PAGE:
Christian Cooke is surprisingly coy about the fact that he was in the running for the role of buff businessman Christian Grey in Fifty Shades of Grey.
“I met Sam [Taylor-Johnson, director] a couple of times,” he admits after a little prodding, clearly embarrassed. “But it was never something that I really wanted to do, to be honest. It just wasn’t my cup of tea. I didn’t read the book and I haven’t seen it.”
It’s not hard to see why Cooke was considered. With his chiselled features and ice-blue eyes, he’s the heartthrob you’ve never heard of. That’s partly because he hasn’t graced British TV screens since appearing alongside Claire Foy in Channel 4’s acclaimed 2011 drama The Promise. After that, like so many, he was lured across the Atlantic, where he’s been busy in TV shows that never made it across the pond, and playing supporting roles in films including Love, Rosie and Agyness Dean’s acting debut Electricity.
Plus, having built up a lengthy CV at the tender age of 27, he can afford to be a bit choosier these days. “I did a lot of shit television in the first 10 years of my career, so in terms of films, I’ve always picked them with that in mind. Would I go and see it? Obviously, there are other decisions that come into play when you’re taking a job but first and foremost you want to make a decision based on the character.”
Stonemouth is about London art student Stewart Gilmour who returns to his home town for the funeral of his best friend, who he’s convinced was murdered. “He grows up in this small town in Aberdeenshire but he’s very ambitious and wants to see the world,” explains Cooke. “He’s able to see beyond the confines of the town he grew up in.”
“In the novel, Stewart’s very cynical and I identified with him in a lot of ways. I’m from Leeds and I moved to London when I was 18 and I’ve been in London for the best part of the last nine years. And whenever I go back to Leeds, I kind of have the same thing. I love Leeds but you go back to the place where you grew up and so much has changed. You’ve changed. The town has changed. So I identified with Stewart in that way: he feels claustrophobic there.”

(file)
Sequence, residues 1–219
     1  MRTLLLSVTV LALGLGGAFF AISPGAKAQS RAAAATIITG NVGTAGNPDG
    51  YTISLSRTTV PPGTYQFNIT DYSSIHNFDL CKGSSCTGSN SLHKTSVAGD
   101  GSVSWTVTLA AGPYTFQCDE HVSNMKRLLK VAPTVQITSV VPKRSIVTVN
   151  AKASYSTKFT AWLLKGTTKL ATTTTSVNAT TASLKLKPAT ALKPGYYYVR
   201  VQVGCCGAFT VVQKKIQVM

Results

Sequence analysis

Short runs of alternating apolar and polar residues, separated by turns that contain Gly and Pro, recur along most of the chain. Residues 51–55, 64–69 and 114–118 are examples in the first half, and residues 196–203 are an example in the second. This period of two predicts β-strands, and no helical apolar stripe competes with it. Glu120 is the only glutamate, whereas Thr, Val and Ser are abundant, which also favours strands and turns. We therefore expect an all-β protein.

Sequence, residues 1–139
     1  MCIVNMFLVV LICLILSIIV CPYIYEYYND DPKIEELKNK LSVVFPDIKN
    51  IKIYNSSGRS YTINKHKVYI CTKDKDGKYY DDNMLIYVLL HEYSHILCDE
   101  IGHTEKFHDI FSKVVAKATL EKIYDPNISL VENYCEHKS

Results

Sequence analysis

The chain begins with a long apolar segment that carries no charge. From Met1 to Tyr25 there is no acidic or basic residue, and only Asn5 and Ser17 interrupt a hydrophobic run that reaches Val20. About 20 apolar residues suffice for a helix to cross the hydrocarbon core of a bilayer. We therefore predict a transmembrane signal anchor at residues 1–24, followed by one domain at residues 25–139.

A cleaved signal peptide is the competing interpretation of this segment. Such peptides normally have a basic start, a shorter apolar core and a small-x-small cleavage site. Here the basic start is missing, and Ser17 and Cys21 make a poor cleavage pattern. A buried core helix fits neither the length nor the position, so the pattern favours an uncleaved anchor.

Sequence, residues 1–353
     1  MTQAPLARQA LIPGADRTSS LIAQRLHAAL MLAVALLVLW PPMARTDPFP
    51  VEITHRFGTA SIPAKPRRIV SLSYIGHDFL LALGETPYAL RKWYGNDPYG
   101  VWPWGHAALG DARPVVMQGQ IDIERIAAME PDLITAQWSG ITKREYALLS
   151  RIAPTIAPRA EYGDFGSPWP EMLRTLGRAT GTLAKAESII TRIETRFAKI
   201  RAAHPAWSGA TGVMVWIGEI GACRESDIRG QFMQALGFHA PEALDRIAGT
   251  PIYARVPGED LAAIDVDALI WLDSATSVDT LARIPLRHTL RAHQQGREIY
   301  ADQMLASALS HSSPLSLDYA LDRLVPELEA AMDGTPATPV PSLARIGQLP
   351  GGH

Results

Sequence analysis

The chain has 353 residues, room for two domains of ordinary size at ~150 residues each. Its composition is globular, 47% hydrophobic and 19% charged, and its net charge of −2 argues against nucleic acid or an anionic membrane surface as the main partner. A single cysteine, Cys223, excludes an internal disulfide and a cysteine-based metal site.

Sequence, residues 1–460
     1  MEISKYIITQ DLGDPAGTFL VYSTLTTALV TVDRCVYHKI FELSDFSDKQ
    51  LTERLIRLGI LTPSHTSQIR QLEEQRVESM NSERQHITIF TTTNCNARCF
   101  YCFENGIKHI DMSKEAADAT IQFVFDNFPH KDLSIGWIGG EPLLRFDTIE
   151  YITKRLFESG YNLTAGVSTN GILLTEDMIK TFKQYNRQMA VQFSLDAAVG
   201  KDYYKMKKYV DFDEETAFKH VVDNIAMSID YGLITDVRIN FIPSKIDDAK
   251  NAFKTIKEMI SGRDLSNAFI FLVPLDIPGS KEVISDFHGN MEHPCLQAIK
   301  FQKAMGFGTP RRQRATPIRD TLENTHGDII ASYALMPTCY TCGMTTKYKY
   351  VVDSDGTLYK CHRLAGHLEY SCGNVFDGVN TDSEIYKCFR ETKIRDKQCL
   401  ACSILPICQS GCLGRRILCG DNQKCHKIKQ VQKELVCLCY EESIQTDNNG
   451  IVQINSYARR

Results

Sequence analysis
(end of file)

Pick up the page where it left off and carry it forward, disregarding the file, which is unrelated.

He’d never read any of the late Iain Banks’ novels, but devoured Stonemouth when he won the role. Is there more pressure playing the creation of a much-loved author? “I guess there is but you can’t think of that when you go into it. You just have this tunnel vision: you read it and then you give it your best shot.”
In fact, the biggest challenge was filming in northern Aberdeenshire in November. “We spent a week filming up in MacDuff, which most Scots haven’t heard of – let alone English people. In terms of latitude it’s higher than Inverness, which most people name as the coldest place in Scotland. It’s absolutely freezing. Everybody got ill.”
And the highlight? Working alongside one of his heroes, Peter Mullan. “That was incredible. Everybody says such nice things about him that I knew he’d be the gentlemen he was.”
Cooke has come a long way since he caught the acting bug big time, aged nine, after appearing in an advert for Birds Eye burgers. Even without the blockbuster credentials of Christian Grey on his CV, I suspect he’ll go a lot further.
Stonemouth begins on Thursday 11th June at 9pm on BBC2
Val McDermid on her friend Iain Banks: “He was one of the finest novelists of his generation”
Peter Mullan on Stonemouth, running with Glasgow gangs and being a Death Eater